By the way, I recommend the eponymous 2009 Strange Maps book as a must-read. One of my kid brothers knew I was a fan of the blog and gave me the book as a Christmas gift. I promptly read it straight through, cover-to-cover, even though you could just as easily go at it piecemeal (it’s that kind of a book, after all). Even if you’re not down with maps, or for that matter trivia, you should totally dig the maps from an aesthetic point of view, as graphic design. If you’re enticed by none of the above, then you’re probably beyond help and should just retreat to the Bravo! channel.





People in Charge of Everything Apparently Unfazed by Depletion of World’s Letter X Reserves

12 02 2010

Future of Tracy Jordan Meat Machine™ Remains Unclear

So today Cοmcast officially becomes Χfinity. You heard me. I have no idea. Maybe Zfinity and Qfinity were both taken. But hey, it’s 2010 (a number, by the way, that sounds like it traveled back from the future to warn us that Disney would buy Marvel); as a kid, I was convinced that what was left of the human race would be wandering half-dead through a nuclear wasteland right about now, so if the worst thing I have to get all snide about at this particular moment is a questionable re-branding choice for a product I couldn’t care less about, I suppose I’m ahead of the game.

Still wrong.

No, wait, that’s not the worst thing I have to get all snide about at this particular moment. Disney. Bought. Marvel. Yawn. Let’s try that again. Disney bought Marvel! And for an obscene amount of money ($4,#@%,#@%,#@%). I know this is old news, and in fact I’d just stopped throwing up in my mouth a little every time I thought about it. But then I must’ve blinked, or something, because the next thing I know the Spider-Man film franchise is getting rebooted just so they can nuke Peter Parker all the way back to high school via some demographic-grabbing ever-prepubescent (if it ends up being a Zac Lautner or a Taylor Efron, as is being speculated, then you will know for sure that Marvel has officially had its balls cut off).

Still wrong.

The worst part about this prospect is that, despite casting a hairless Eloi as Spider-Man, they will manage to ‘shop said Eloi up with enough CGI, barely-legal supplements and gratuitous shirtless abdominal shots to commodify this man-child sex object (and by extension the Marvel character) into now-all-too-familiar homoerotic oblivion. Slippery slope my ass: where a teenaged and emasculated Peter Parker rears its smugly head, X-treme Pink Princess She-Hulk® and X-Men Babies® cannot be far behind. Which of course will result in even more squandering of our precious letters X.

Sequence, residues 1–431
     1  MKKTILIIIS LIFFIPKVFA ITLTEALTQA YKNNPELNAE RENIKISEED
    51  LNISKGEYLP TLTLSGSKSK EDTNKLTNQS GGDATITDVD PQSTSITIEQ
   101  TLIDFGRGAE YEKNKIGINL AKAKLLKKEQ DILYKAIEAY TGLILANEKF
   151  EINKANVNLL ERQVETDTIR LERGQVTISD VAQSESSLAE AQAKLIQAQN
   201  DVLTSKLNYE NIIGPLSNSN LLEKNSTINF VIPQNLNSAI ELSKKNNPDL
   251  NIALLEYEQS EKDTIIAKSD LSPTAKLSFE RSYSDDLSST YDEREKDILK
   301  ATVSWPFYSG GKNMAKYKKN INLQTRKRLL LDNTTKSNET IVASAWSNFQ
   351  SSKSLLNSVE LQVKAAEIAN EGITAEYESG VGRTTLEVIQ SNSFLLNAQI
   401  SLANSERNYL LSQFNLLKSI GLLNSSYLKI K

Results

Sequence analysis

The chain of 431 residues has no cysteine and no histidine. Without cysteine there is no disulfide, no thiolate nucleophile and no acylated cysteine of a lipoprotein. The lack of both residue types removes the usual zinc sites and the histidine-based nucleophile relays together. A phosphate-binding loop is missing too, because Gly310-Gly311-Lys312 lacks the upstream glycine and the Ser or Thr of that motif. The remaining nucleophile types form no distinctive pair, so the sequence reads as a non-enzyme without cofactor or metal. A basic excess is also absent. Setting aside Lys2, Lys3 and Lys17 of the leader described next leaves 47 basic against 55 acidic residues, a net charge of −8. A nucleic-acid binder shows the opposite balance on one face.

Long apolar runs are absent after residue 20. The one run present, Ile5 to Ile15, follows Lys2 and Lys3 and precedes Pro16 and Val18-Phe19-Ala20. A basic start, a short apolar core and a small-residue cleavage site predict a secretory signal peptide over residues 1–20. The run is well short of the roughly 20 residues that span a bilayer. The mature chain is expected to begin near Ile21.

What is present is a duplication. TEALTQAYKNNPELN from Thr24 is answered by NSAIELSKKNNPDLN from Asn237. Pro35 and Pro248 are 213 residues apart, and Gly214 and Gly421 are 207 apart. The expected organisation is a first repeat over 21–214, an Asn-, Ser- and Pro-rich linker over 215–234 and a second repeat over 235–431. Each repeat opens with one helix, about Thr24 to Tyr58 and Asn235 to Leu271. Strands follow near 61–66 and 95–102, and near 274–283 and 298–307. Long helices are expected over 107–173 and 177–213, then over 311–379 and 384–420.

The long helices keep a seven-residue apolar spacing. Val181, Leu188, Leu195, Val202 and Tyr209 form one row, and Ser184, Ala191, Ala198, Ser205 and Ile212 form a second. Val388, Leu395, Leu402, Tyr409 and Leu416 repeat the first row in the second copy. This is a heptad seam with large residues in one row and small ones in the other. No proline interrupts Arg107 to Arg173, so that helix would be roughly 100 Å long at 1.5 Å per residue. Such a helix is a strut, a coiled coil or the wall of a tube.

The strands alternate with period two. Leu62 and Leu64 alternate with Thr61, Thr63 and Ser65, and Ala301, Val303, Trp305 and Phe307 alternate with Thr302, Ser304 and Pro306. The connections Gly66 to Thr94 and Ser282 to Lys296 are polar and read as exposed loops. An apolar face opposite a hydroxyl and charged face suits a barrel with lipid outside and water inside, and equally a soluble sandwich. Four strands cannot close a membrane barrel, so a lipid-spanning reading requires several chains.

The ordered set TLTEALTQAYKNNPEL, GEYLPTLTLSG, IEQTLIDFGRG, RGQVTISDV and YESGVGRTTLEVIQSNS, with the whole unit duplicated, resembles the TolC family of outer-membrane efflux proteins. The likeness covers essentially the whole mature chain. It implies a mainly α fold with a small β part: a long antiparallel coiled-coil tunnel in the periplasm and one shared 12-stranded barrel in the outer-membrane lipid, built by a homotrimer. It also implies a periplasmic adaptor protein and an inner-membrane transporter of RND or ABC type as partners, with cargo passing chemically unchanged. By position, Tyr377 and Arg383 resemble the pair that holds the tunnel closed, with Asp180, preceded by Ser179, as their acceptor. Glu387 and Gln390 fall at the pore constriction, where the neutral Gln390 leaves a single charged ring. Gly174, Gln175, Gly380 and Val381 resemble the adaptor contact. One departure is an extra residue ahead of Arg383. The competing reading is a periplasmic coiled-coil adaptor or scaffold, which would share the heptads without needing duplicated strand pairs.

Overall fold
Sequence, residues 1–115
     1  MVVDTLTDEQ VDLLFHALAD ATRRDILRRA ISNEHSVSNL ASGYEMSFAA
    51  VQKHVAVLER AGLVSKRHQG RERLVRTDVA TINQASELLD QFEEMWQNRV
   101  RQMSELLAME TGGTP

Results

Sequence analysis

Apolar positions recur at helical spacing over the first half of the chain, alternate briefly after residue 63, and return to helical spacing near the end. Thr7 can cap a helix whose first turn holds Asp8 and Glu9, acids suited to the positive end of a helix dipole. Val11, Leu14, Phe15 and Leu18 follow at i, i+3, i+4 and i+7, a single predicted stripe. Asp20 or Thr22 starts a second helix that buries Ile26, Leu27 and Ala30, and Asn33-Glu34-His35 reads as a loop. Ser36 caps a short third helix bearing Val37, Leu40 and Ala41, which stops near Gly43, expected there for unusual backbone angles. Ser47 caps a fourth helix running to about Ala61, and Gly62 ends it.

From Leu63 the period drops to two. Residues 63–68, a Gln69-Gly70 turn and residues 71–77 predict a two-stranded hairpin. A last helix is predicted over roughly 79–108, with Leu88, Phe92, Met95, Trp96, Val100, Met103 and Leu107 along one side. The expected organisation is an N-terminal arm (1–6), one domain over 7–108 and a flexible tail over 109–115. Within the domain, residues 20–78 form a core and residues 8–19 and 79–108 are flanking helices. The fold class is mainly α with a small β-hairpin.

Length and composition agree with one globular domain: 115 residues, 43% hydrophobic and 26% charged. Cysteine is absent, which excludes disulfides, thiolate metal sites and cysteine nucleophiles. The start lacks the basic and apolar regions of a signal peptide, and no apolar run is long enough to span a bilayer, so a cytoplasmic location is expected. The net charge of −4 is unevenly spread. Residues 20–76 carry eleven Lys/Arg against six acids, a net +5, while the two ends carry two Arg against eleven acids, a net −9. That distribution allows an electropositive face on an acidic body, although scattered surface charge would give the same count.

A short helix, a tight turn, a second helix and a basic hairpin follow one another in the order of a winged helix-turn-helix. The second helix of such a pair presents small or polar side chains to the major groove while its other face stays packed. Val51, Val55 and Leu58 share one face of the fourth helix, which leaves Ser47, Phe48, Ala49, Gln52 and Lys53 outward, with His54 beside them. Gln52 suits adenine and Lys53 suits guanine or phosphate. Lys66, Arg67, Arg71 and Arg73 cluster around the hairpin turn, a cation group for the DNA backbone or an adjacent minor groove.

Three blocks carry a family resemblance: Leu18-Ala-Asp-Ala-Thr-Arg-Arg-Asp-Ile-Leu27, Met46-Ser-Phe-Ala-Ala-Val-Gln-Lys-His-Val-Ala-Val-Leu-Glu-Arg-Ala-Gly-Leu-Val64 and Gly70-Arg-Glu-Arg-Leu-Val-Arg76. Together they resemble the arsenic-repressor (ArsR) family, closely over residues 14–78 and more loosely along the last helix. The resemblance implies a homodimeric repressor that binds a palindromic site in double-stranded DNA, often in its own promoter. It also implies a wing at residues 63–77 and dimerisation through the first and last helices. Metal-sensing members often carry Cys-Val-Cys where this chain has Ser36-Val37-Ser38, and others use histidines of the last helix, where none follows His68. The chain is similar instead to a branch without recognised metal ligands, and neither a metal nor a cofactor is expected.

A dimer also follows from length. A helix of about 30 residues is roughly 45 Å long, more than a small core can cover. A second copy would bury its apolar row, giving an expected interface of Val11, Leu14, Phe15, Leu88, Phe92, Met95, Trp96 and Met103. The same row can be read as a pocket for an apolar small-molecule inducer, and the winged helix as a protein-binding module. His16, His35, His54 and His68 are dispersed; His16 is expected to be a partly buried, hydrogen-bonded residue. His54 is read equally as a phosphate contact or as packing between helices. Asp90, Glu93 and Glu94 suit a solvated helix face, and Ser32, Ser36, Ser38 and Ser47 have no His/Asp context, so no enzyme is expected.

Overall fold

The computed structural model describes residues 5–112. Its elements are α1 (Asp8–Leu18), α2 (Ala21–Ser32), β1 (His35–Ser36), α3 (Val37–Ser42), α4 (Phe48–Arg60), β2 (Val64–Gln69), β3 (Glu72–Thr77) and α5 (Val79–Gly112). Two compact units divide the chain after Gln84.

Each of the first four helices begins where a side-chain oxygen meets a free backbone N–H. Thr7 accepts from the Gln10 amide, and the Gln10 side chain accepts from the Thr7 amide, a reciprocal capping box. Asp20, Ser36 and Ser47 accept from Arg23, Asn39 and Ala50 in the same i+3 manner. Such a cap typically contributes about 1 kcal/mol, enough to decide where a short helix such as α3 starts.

One mega-merged half of the world’s second-largest publicly traded company called. It wants its “X” back.

Like most non-renewable resource crises, this rampant over-consumption of the letter X really took off in the consonant-guzzling 1970s. So once again we come to find that the 1970s ruined something for the rest of us. No surprises there.





Plague of Bears To Be Unleashed on Select Theater Audiences as Punishment for Arriving Early

25 11 2009

Conservatives with Weakened Immune Systems Already Experiencing Allergic Reaction to Rare 11th Plague; Vaccine-Resistant Viral Clip May Also Convince Stubborn Eskimo to Rethink Unnecessary Air Travel, Free Israelites

You guys know I find politics gross, but I really wanna talk about this clip, and there’s no way to do it without trudging through hot-button sludge. So here goes. A nickel-bag environmentalist group in England somehow rustled up the funds to produce the following clip, which is blue-filtered and moody and Bolero-like and melodramatic and artsy and all of the things that a good theater commercial should be. That’s right, I like commercials—that doesn’t make me a capitalist any more than a conscious effort to reduce my carbon footprint makes me a communist.

Fueled by blind, impotent rage, scores of resentful, self-imagined guardians of truth instantly responded to this new threat with a barrage of climate statistics and strange references to Al Gore.  This counteroffensive, however, will probably prove ineffective against the bears, which are computer-generated and not really falling from the sky. YouTube is not the front, and the comments sections are not the trenches. Get over yourselves. You’re taking all of the good out of it, and ruining it for the rest of us.

There will be blood.

The channel that I embedded from is called “adsoftheworldcom“, and the theme of the channel is not global warming or climate change or making fun of birthers, but rather—you guessed it—ads of the world. It’s seemingly a repository for cool ads. That’s why I thought the comments for this clip might break YouTube precedent and actually be about style and technique and approach. It was naive of me, I now realize, to expect that the invisible chains of relevance would hold. Again, I thought we could all just enjoy the fact that it really looks like there are polar bears falling out of the sky. Yeah, the factoid is specious and the mammal use is over-the-top sentimental. Yeah, the cause is too niche. But the jet engine SFX are synchronized well, and incongruous imagery is always a treat. Usually the comments are an amusing supplement to any popular YouTube video, but today they just made me feel like I was living in a social Dark Age.

This is something that happens.

This is not something that happens. It looks really crazy, though, right?